President Obama laid down a bold marker in his State of the Union address: He will defend a strong role for government, even in an era of high concern about federal deficits and the risk of rising taxes.
Where Republicans often cast government as the problem, he played up government as an ongoing contributor to US progress.
"No one built this country on their own," Mr. Obama said, with the clear implication that the needed teamwork should include administration priorities like federal promotion of job training, clean energy, and a federally orchestrated effort to refinance more mortgages.
He mentioned the problem of federal deficits, but didn't emphasize the issue as a major threat to the economy's health.
He proposed a sizable tax hike for millionaires, while giving barely a nod to a top Republican priority: spending cuts. In fact, at the heart of his tax proposal was unapologetic defense of government programs.
"Do we want to keep these tax cuts for the wealthiest Americans? Or do we want to keep our investments in everything else – like education and medical research; a strong military and care for our veterans? Because if we're serious about paying down our debt, we can't do both," Obama said.
The important political question is: Will the president's argument be a winning one with US voters, who will decide in November whether he gets another term in office?
Obama knows that controversial proposals like that tax increase on millionaires won't be approved by Congress before the vote. But he's staking his election hopes on sharpening this contrast with the eventual Republican nominee for president, whoever that may be.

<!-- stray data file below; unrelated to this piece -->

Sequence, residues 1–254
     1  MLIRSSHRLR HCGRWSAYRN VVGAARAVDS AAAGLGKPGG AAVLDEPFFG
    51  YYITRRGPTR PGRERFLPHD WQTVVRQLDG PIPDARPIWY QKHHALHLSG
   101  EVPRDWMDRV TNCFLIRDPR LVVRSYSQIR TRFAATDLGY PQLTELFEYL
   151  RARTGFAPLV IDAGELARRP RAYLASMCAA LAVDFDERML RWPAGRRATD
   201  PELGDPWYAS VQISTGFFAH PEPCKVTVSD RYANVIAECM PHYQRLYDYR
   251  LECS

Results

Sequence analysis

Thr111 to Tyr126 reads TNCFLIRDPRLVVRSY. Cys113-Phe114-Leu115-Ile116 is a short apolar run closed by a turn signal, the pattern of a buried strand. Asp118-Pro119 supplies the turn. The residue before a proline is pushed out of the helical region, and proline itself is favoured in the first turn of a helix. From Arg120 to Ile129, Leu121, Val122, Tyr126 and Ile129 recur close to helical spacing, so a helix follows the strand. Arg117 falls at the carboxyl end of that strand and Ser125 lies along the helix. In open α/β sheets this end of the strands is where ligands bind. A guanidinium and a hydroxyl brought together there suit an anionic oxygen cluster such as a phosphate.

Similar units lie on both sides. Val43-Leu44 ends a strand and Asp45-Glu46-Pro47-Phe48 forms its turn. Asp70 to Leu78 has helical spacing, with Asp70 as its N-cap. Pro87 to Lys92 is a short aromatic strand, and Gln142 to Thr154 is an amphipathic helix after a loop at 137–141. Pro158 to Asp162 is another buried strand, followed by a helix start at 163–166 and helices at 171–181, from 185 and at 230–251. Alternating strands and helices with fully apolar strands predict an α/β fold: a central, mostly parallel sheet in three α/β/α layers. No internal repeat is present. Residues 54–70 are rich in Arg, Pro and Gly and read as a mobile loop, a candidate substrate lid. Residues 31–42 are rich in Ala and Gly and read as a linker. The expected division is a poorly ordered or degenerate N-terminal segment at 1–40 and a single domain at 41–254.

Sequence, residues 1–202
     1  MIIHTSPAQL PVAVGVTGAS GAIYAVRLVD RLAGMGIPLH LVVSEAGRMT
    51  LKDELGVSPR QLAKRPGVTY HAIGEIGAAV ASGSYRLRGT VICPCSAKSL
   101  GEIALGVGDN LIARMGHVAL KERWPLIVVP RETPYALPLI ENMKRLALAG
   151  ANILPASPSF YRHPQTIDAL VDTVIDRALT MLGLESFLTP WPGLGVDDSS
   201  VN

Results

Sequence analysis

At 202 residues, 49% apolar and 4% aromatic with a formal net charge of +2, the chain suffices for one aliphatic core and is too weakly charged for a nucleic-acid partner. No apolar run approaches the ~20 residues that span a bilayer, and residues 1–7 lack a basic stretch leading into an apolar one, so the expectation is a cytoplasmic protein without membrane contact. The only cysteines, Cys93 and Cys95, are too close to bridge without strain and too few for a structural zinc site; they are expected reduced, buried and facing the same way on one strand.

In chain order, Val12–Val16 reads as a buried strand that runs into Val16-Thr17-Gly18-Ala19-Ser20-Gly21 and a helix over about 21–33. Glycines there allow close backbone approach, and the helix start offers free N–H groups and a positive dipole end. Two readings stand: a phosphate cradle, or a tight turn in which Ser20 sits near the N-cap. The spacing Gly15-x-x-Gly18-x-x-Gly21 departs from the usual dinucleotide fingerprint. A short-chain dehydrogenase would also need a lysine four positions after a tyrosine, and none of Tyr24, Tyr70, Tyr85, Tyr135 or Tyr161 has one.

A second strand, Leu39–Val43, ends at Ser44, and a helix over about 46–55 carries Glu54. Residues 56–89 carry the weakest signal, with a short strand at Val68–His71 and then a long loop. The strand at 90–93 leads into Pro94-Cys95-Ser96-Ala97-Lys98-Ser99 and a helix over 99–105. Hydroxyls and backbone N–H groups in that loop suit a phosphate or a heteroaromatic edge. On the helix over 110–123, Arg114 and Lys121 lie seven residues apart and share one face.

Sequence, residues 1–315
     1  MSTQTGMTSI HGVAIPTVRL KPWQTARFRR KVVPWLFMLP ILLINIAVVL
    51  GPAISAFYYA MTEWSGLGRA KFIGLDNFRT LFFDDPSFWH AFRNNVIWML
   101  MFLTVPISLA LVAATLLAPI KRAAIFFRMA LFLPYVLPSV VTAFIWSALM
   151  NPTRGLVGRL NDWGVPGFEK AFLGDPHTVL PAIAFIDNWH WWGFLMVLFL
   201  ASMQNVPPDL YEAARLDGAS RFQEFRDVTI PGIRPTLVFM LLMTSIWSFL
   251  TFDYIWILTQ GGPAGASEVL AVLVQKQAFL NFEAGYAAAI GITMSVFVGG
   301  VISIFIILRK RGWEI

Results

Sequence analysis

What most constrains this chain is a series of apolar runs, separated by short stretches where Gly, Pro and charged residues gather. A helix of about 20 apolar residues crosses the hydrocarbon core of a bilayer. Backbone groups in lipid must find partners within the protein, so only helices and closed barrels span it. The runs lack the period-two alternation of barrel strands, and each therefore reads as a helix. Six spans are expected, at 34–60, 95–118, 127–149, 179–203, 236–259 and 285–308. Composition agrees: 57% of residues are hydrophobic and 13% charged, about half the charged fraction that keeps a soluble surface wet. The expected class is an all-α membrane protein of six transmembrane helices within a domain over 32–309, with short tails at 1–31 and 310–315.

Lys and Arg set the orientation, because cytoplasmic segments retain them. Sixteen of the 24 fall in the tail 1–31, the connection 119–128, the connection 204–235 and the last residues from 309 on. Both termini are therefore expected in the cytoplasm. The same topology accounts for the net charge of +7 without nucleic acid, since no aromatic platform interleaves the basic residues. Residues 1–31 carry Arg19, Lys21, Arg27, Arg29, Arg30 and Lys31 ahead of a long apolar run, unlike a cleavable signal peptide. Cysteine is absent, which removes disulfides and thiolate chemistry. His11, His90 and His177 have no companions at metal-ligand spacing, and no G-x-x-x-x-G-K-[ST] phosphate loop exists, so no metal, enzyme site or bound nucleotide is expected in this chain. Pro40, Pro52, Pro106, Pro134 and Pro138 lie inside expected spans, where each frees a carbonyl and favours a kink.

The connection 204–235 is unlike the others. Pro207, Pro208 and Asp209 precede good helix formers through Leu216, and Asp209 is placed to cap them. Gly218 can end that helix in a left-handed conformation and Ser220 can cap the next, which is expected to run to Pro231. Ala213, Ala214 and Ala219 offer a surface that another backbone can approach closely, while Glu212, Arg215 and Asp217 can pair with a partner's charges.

The president is setting himself up as a defender of the middle class – and government programs that support the middle class – against a Republican Party that would emphasize shrinking government and lowering taxes further, including on the rich.
What the polls suggest
Some recent opinion polls suggest that Obama can score some gains with this strategy. But with his currently low levels of voter approval, his success is far from assured.
The polls show many Americans view the tax code as not "fair," a word Obama used repeatedly in his address, and that they are concerned about possible cuts to core federal programs like Social Security and Medicare.
In a CBS News/New York Times survey this month, 52 percent of Americans said their current taxes are "about right." But 40 percent said they are paying more than their "fair share." And 55 percent said upper-income Americans should be paying more.
In the same poll, 52 percent said they'd prefer to see capital gains taxed at the same rate as wages. Thirty-six percent would retain the current capital-gains policy, which allows many wealthy Americans, such as billionaire Warren Buffett and GOP presidential candidate Mitt Romney, to pay a relatively low 15 percent tax rate on much of their income, because that income is from investments.